DAWN STALEY: Any team that's here at the Final Four created some good habits that got them here. We have to adhere and play to the habits that we've created on both sides of the basketball and beat the great North Carolina State team. They're much deserving of being here. They are 1 of 4 teams that are here. They're good.

Our habits. Our habits. We certainly have -- if you look at their roster and look at our roster -- we do have an advantage in the paint with our bigs that we must exploit at some point in a lot of periods throughout the game.

Q. What is your message to your players and how to keep them focused?

DAWN STALEY: I mean, they're focused. At this stage of the game our practices are lean. They're not long. We go over certain things, two or three things. They execute it. They're locked in. They hold each other accountable.

So I mean, we're creatures of habit like we've been all season long.

Q. When you play NC State, you're going to see a friendly face in Saniya. There's got to be some pride there watching her develop. I know you probably wish she would have stayed, but watching her develop into the kind of player she has already, and do you talk with Breezy and Raven and Feagin about, hey, this is your friend we're playing against but we still have a job to do?

DAWN STALEY: I'm super proud of Rivers. I often text with her and her parents. I texted them yesterday or two days ago when they won and they found themselves in the Final Four.

I mean, I say this often, once you're a part of our family, whether you stay or whether you transfer, I mean, you're always going to have me as a resource. You're always going to have me as someone that wants you to do extremely well. And I'm proud of Rivers. I really am. Obviously we knew she was a tremendous player.

And it's unfortunate that her talents aren't on display in a Gamecock uniform, but the most important thing, her talents will be on display at a Final Four. I do think her experience with us will help her navigate through that space because she's the only one on the team that's played at this level and really understands what it takes to win.

I know she'll impart ways of her knowledge of being here and know that it's a business trip, and they're going to fight tooth and nail.

As far as Breezy and who she came in with, no, that's not really -- kids are kids. They talk. They encourage each other. They probably talk a little bit of trash outside of the game.

But no, that's not a dynamic that I addressed. I think we both want to win at the end of the day.

Q. Last time Gamecocks won a national championship was in 2022. And that win made you the first Division I coach in history, male or female, to win two NCAA titles. How do you as a coach that stands so true to yourself, your faith and your integrity stay balanced with what could be a lot of pressure playing on one of the biggest stages of basketball yet again?

DAWN STALEY: When you're over 50, that's what happens. Age does that to you. You know what you're going to tolerate, what you're not going to tolerate. At the end of the day, you want to stay true to who you are. And fortunately for me I've been able to do that. And you take some flack for it. You get some positive feedback for it.

I think again, at the end of the day, I am proud of being my mother's child. And that's all I truly want to be, just true to her legacy, true to who she was, what she stood for, and I'm more like her than I've ever been in my life and proud to be that.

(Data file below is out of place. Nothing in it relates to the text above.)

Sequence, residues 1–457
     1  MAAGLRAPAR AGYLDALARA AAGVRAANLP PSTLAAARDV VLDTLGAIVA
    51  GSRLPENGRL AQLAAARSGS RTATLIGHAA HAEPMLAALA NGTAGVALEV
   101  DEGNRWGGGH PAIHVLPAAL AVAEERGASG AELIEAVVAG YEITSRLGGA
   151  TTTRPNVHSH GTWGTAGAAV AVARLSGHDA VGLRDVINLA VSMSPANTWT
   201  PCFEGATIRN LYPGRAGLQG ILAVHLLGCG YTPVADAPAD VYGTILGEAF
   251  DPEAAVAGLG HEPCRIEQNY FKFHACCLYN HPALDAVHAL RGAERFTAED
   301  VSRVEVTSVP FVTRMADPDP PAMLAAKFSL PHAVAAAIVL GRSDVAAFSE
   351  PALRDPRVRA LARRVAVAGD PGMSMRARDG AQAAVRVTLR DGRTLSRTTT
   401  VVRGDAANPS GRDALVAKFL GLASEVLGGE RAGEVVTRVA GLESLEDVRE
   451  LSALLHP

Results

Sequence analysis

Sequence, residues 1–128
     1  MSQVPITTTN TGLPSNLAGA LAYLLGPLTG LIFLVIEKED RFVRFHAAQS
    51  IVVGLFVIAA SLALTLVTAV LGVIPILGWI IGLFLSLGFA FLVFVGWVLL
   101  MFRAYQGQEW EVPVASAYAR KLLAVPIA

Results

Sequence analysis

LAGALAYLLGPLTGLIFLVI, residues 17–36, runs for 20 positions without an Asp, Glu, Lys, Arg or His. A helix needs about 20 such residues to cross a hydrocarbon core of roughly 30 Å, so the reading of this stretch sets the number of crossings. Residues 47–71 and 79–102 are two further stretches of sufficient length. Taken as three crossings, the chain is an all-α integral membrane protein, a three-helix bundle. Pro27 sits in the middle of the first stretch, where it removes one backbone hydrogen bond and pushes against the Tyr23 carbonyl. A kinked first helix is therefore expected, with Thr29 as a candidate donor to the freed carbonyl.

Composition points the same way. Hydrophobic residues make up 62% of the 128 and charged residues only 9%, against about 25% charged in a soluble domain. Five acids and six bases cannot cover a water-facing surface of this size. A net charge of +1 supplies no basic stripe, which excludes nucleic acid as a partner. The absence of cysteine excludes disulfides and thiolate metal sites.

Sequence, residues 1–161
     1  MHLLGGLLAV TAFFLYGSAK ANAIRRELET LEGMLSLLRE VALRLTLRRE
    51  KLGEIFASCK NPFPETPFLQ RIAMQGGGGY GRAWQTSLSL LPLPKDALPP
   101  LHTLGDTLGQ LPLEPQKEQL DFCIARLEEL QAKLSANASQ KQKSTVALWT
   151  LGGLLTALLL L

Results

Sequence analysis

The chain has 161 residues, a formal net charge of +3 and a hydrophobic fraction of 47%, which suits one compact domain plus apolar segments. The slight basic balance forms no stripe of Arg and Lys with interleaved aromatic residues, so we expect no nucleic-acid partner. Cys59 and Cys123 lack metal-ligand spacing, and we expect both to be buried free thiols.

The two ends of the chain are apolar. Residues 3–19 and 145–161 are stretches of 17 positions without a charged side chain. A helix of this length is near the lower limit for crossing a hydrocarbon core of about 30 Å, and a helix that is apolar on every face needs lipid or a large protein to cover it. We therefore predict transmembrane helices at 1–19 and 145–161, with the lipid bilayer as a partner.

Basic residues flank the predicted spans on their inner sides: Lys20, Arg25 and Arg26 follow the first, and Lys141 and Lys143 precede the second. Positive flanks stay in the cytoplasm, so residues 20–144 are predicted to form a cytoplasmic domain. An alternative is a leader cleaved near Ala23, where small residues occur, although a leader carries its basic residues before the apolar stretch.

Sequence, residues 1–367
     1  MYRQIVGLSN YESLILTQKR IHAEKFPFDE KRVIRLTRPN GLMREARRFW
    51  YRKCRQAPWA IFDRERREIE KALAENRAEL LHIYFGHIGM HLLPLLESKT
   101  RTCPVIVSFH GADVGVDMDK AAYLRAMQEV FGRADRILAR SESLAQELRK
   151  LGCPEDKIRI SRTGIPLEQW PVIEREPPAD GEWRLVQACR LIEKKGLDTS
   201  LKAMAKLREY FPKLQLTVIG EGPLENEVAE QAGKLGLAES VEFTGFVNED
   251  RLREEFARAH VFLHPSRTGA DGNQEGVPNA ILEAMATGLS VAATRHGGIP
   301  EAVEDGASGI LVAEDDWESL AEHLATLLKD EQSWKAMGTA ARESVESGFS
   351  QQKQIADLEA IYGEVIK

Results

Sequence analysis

Q. I noticed your players, some of them have an NIL opportunity tab on your website. I'm wondering, have you found NIL to be a good thing, a distraction, an enhancement? What has NIL meant for your program, especially heading into the Final Four?

DAWN STALEY: It's been all of that. All of it. But it's in our space now and we have to -- just like an opponent is in our space, just like guarding pick-and-roll actions, just like being able to execute offensively, that's part of our game. NIL is part of our game now. And we have to approach it and be as vested in it as we are winning basketball games because there's a direct correlation with your ability to manage the NIL space as managing personalities, as managing playing time, as managing a staff. So it's a big part of what we do.

So we don't shy away from it. We run towards it to streamline it, to make sure that we're servicing our players in the space just like we're servicing them in the mental health space and the physical space and the academic space. So it's a big part of a student-athlete's development.

Q. What did you learn about your team this past weekend with the Sweet 16? Obviously the deeper you get into the tournament, the more good teams you're going to face and more talented teams you're going to face. But I felt your team showed a lot of poise and character and maturity in handling the Indiana run and then even holding off Oregon State when they made their run. What did you learn about your team this weekend that maybe you didn't know?

DAWN STALEY: Well, what I learned is what they've shown me all season long. The resiliency. The ability to play free and lock into what is necessary for us to win basketball games.

Nothing frightens them. Nothing. But I will say that I'm hoping it's part of our preparation and practice. Like, we try to put them in the worst possible situations and allow them to figure out how to fight to get out of them.

If you do enough of them, when it's time to play, they're just playing off of habit and not playing off emotions or runs that someone may have on us. They just stay present in what needs to take place at the moment. So they stay true to that.

Q. I know you mentioned earlier, when you talked about the preparation in June, in the preseason, that you're shocked a little bit that you're here. But what moment did you realize that this could be a reality where maybe you have conversations with like your coaching staff or people within the program and stuff like, hey, guys, if we keep doing XYZ -- or maybe it was a game or moment this year that this could be a reality?